Built in William Pickersgill and Sons’ Sunderland yard the steamship Kildale was launched on 22nd February 1924 for her owners Rowland Marwood Steamship Company of Whitby. She measured 363.5′ x 51.4′ x 22.8′, weighed 3877 gross tons, 2310 net tons and was powered by a triple expansion steam engine built by Richardsons, Westgarth and Company, West Hartlepool delivering 345 nhp.
With the outbreak of World War Two in 1939 Britain’s merchant fleet became the vital lifeline ferrying supplies to and from the country’s allies in Europe and across the Atlantic. The Kildale was fitted with deck guns intended to provide some defence from U-boat and air attack. She was damaged in an air attack by a squadron of German Heinkel bombers off the Humber on 23rd February, 1940. 8 crewmen were killed but the ship was towed to the Humber by the tug Yorkshireman where she was repaired to re-enter service.
In May 1940 she was assigned a dangerous trip from Southend to Brest in France with a cargo of coal returning to Liverpool with a cargo of iron ore on 26th June. Her next assignment was to take her across the Atlantic to join the hundreds of allied vessels steaming back and forth to bring supplies from North and South America.
Her final voyage began when she picked up a cargo of sugar in Barahona, Dominican Republic and headed north to the convoy rendezvous point off Sydney, Nova Scotia in September 1940. Her convoy, SC6, consisted of at least 39 merchant ships and 6 escort vessels heading east to various UK ports with the majority heading for Liverpool. The convoy set sail from Sydney on the 27th of September. Kildale’s final destination was London with a route planned to round the north of Scotland to avoid the dangerous waters west of Ireland and the gauntlet of the English Channel. The convoy lost four ships to U-boat attack en route across the North Atlantic but Kildale arrived safely in the Clyde on 12th October where the convoy dispersed. The next stage of her long journey was planned as part of the coastal convoy WN20. By the time the convoy left the Clyde on the 31st October 20 ships had been assembled escorted by two armed trawlers, HMT Pentland Firth and HMT Northern Spray. They were bound for Methil with passage through the Pentland Firth. The convoy would then disperse with the ships heading onward to various east coast ports of Britain.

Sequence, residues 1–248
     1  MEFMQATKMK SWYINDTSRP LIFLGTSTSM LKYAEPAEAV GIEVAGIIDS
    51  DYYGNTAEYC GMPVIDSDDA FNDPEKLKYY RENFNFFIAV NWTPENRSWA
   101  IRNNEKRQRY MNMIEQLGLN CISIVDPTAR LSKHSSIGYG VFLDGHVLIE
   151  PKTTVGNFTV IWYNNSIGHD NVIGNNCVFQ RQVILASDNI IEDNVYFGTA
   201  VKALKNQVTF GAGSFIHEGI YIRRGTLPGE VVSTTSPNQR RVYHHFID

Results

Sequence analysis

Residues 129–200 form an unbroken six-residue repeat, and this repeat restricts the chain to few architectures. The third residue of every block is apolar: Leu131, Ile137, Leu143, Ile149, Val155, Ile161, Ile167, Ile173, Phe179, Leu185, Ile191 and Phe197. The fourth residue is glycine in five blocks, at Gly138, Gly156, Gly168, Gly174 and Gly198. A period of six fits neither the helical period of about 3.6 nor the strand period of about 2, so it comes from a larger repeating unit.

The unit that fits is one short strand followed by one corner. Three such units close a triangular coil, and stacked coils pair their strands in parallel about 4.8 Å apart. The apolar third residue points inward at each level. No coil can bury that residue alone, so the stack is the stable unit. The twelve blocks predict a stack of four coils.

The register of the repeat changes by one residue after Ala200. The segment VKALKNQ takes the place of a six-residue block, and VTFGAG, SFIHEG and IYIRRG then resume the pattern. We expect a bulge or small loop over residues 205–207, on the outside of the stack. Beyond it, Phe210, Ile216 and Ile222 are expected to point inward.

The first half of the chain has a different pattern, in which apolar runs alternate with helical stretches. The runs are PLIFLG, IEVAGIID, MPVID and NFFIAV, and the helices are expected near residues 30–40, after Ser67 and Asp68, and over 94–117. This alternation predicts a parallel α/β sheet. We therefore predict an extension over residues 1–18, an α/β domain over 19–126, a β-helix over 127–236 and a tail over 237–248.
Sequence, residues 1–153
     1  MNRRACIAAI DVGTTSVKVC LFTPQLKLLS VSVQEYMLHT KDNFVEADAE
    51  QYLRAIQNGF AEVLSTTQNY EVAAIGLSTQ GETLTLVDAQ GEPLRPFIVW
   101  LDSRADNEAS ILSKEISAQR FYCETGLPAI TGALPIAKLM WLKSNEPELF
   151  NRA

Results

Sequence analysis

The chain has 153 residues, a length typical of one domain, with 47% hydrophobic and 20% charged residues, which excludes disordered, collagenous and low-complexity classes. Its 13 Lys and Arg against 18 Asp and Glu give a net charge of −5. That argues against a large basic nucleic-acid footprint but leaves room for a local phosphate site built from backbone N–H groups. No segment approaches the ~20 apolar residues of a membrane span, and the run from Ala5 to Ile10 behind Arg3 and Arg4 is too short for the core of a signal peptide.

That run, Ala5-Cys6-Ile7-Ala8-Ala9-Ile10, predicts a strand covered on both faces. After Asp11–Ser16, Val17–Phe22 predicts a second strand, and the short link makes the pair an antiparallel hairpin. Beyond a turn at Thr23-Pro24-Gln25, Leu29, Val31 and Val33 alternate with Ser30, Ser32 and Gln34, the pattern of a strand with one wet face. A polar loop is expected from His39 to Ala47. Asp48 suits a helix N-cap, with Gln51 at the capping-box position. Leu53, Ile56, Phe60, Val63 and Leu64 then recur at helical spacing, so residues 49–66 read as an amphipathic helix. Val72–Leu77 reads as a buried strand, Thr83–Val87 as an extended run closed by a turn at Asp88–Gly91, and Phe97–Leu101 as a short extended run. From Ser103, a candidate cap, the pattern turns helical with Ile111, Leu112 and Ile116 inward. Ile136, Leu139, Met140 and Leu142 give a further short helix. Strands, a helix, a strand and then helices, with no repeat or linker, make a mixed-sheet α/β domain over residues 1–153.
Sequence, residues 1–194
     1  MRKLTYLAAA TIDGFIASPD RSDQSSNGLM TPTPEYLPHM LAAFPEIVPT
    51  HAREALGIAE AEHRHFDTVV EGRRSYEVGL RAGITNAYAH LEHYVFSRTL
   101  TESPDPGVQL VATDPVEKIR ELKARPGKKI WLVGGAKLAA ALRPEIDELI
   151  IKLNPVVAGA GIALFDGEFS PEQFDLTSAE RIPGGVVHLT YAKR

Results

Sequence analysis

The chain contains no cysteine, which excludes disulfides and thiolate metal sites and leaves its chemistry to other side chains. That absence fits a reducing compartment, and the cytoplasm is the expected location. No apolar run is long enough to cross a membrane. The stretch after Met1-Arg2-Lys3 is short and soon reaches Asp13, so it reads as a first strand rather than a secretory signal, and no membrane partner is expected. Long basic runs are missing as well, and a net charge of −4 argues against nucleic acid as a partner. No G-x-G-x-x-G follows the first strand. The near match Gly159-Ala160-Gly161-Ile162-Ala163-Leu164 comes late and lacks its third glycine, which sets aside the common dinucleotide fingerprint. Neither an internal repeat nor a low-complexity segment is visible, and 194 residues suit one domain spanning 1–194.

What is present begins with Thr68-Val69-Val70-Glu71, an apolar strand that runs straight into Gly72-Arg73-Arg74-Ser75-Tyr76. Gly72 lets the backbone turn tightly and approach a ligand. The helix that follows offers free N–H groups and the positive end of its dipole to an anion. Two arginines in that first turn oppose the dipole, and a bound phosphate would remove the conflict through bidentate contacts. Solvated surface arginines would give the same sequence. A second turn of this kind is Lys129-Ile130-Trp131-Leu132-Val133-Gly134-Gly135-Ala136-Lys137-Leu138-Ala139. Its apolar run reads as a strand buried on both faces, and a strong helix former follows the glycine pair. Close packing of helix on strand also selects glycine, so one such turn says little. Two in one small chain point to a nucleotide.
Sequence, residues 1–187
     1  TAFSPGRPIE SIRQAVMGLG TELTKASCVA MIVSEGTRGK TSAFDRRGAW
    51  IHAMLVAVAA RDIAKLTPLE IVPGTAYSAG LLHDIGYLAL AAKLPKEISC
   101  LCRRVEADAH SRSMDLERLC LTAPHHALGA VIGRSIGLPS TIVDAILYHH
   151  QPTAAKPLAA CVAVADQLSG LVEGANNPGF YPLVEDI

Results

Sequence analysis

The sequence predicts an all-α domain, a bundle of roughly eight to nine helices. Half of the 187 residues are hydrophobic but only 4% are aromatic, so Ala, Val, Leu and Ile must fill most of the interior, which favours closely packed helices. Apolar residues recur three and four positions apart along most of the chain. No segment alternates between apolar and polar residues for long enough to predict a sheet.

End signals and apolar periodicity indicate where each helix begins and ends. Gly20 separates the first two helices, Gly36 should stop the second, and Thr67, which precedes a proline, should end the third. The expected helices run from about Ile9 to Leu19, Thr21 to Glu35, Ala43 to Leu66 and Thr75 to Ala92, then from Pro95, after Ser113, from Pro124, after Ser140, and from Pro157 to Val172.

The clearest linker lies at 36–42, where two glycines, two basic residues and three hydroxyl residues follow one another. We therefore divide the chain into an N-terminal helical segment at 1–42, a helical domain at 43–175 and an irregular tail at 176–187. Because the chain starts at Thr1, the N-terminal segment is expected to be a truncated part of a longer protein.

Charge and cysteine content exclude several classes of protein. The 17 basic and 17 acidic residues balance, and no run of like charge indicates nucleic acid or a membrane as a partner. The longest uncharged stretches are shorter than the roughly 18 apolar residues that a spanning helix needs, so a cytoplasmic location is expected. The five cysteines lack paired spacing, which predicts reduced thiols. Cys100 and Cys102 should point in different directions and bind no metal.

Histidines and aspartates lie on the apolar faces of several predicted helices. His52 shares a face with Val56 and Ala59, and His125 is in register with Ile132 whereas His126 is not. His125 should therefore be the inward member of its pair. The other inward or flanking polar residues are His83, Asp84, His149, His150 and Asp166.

On 3rd November, when approximately 7 miles off Rattray Head, the convoy was attacked by German bombers. In the attack they managed to damage the steamship Eros and fatally injure the Kildale. Two of Kildale’s crew, an able seaman and a steward, were lost, probably killed by the explosion as the bomb hit. The remaining crewmen abandoned ship in her lifeboats to be picked up by the convoy escorts before the ship finally sank.
The wreck lying in position 57°45.191’N, 01°46.031’W which rises 5 metres from the charted seabed depth of 64 metres was well known to local fishermen and dubbed Roulette Worker before she was dived and identified in 2005. The wreck itself lies on a fairly flat seabed oriented 010°/190°. Although nothing has so far been found on the wreck to positively confirm her identity the size, layout and position of the wreck make the identification almost certain. She sits upright and fairly in tact although the deck structures are well degraded. Two of the defensive guns fitted at the start of the war are clearly visible.